Norwegian Journal of Geology: Sedimentology and palynology of the Lower Cretaceous succession of central Spitsbergen: integration of subsurface and outcrop data

Sten-Andreas Grundvåg1, Mads Engholm Jelby2, Kasia Kamila Śliwińska3, Henrik Nøhr-Hansen3, Tore Aadland4, Sara Elvelund Sandvik5, Ingrid Tennvassås1, Thea Engen1 and Snorre Olaussen6 have an article accepted with minor corrections in the Norwegian Journal of Geology. The article is titled “Sedimentology and palynology of the Lower Cretaceous succession of central Spitsbergen: integration of subsurface and outcrop data”.

1UiT The Arctic University of Norway, 2Natural History Museum of Denmark, Univ. Copenhagen, 3Geological Survey of Denmark and Greenland, 4University of Bergen, 5Lundin Norway AS, 6University Centre in Svalbard.

The uncorrected proof can be downloaded from the ARCEx intranet.

Abstract: 

The stratigraphic and genetic relationship between the Rurikfjellet (open marine), Helvetiafjellet (paralic) and Carolinefjellet (open marine) formations of the Lower Cretaceous succession (LCS) in Svalbard is evaluated by combining sedimentological outcrop studies with well log and core data across Nordenskiöld Land, central Spitsbergen. Sedimentological characteristics and stratigraphic units are mapped within a refined dinocyst biostratigraphic framework, enabling relatively well-constrained palaeogeographic reconstructions. The Valanginian – lowermost Barremian Rurikfjellet Formation consists of a lower shale-dominated unit of offshore origin which grades upwards into storm-reworked lower shoreface sandstones displaying hummocky cross-stratification. Local occurrences of prodeltaic successions and thick successions of gravity flow deposits containing coal-bearing slump blocks of delta plain origin in some wells, reveal a late Hauterivian progradational pulse which has previously not been recorded in Svalbard. The lower Barremian – lower Aptian Helvetiafjellet Formation consists of fluvial braidplain and paralic deposits which rest unconformably on the Rurikfjellet Formation across the entire study area, reflecting regional uplift and wide-spread subaerial exposure prior to the onset of paralic deposition. The Helvetiafjellet Formation exhibits increased marine influence upwards, and in the investigated cores, the uppermost part of the unit consists of wave-reworked mouth bar deposits which are truncated by a transgressive conglomerate lag containing iron ooids. An up to 10 m thick regionally extensive organic-rich (TOC up to 2.1 wt %) shale unit of early Aptian age marks the base of the overlying Carolinefjellet Formation. The shale accumulated during a regional flooding event which drowned and eventually transformed the Helvetiafjellet Formation coastal plain into a shallow shelf. The organic facies of the shale unit (Type II-III kerogen) and a high Pr/Ph ratio (>2), in combination with abundant long-chained n-alkanes, suggest that the unit was deposited in a suboxic paralic marine environment strongly influenced by input of terrestrial organic matter.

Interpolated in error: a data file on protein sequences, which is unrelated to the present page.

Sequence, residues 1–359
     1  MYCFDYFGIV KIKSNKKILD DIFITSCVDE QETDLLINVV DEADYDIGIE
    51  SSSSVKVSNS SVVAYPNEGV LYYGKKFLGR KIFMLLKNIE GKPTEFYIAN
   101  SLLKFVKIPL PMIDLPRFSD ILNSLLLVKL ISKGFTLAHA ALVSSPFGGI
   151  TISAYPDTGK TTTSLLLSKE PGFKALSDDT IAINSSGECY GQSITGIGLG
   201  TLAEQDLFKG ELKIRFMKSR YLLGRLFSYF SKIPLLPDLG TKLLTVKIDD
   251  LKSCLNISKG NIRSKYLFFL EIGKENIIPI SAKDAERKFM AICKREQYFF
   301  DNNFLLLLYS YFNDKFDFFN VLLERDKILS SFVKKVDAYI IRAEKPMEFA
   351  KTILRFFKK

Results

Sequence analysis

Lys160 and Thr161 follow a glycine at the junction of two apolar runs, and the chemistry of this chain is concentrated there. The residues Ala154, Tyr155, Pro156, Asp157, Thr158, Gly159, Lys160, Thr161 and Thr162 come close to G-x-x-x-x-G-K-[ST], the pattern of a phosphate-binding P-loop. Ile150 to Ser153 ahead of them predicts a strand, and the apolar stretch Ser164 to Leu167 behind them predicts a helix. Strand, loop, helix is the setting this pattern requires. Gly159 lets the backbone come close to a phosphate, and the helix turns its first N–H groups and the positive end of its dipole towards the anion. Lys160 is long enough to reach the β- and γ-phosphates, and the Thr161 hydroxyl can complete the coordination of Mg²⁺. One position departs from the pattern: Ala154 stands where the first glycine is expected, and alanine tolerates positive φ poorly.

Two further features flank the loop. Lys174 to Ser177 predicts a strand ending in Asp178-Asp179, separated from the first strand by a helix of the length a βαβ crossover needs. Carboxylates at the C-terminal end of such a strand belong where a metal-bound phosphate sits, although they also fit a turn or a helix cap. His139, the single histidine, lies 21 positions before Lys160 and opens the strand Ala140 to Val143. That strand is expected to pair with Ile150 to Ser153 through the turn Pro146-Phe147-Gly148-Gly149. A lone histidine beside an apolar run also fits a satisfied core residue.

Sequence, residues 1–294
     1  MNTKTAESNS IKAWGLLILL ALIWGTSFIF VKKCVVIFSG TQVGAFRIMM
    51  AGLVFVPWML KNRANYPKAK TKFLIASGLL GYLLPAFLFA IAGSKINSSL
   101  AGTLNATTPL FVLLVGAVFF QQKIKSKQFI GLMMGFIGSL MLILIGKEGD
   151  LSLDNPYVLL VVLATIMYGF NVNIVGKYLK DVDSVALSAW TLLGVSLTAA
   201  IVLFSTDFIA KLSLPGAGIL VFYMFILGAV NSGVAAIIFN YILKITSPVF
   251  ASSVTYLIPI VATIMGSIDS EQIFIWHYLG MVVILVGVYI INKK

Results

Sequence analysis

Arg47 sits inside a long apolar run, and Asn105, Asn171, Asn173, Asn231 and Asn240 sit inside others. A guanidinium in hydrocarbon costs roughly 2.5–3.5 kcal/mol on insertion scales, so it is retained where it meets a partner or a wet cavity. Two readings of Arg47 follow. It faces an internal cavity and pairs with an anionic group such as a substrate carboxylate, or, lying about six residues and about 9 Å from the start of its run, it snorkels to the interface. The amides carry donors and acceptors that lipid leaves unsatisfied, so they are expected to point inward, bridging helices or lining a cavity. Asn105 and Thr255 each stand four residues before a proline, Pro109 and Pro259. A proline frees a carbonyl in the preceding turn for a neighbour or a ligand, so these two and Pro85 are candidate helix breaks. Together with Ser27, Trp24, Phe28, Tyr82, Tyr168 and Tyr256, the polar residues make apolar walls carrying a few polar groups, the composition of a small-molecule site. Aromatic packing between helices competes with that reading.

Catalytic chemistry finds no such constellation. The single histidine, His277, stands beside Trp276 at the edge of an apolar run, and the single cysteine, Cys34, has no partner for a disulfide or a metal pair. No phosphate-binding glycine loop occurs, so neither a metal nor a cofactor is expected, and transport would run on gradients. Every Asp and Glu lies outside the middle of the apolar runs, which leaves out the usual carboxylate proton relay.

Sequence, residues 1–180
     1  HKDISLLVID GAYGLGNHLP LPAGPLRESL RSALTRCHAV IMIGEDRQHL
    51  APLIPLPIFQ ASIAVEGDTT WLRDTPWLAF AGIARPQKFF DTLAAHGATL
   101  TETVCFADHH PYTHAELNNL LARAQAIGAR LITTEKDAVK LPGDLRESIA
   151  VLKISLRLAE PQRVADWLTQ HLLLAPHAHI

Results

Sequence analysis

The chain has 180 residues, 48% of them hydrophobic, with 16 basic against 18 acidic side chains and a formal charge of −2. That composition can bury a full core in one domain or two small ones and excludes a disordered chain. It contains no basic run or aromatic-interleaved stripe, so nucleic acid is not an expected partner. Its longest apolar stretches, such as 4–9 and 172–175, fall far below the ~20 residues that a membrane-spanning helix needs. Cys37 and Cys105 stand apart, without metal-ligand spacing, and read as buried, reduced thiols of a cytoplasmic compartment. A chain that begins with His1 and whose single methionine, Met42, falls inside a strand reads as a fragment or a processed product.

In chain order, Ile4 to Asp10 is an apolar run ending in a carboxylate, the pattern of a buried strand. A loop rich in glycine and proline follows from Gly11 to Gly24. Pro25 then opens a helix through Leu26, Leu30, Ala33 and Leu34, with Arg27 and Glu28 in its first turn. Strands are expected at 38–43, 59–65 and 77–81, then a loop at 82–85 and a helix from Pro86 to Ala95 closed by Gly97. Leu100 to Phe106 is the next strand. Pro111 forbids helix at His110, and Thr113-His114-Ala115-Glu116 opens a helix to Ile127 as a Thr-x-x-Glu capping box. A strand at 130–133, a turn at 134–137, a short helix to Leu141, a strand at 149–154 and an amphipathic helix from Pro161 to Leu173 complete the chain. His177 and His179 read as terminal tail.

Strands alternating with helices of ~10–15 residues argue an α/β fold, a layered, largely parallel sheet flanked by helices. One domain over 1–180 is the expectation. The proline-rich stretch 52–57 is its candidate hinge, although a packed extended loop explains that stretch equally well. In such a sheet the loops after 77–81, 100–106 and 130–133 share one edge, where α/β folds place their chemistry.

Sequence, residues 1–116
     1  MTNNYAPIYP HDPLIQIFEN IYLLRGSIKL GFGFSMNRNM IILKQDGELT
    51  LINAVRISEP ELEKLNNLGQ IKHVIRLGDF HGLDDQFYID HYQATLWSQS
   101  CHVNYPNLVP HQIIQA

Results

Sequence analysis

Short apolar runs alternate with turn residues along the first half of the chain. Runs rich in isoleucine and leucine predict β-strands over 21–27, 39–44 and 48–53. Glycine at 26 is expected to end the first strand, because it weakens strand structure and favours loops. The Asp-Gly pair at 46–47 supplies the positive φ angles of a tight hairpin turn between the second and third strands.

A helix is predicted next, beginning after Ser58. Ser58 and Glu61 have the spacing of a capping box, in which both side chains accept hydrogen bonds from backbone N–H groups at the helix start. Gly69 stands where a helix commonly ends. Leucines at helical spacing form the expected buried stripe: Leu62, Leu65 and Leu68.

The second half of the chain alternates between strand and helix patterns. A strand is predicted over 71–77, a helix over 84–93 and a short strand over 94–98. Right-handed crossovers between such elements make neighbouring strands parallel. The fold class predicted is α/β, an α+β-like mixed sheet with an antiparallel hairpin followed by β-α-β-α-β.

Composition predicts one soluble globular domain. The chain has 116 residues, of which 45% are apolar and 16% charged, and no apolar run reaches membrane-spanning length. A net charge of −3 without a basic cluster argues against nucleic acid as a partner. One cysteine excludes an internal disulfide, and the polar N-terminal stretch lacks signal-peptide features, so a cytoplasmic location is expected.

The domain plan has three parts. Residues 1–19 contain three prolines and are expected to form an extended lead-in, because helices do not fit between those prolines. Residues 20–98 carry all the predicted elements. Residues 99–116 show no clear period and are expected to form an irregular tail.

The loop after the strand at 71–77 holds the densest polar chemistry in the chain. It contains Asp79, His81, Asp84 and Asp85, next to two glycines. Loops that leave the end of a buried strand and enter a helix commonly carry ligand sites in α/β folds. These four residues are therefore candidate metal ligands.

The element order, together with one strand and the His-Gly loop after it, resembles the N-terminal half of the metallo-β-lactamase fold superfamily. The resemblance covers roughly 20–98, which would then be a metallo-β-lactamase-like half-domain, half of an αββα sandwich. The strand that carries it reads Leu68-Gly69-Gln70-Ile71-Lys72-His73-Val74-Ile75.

Reference: 

Grundvåg, S.A.; Jelby, M.E.; Śliwińska, K.K.; Nøhr-Hansen, H.; Aadland, T.; Sandvik, S.E.; Tennvassås, I.; Engen, T.; Olaussen, S. (accepted): Sedimentology and palynology of the Lower Cretaceous succession of central Spitsbergen: integration of subsurface and outcrop data. Accepted with minor corrections in Norwegian Journal of Geology. [intranet]


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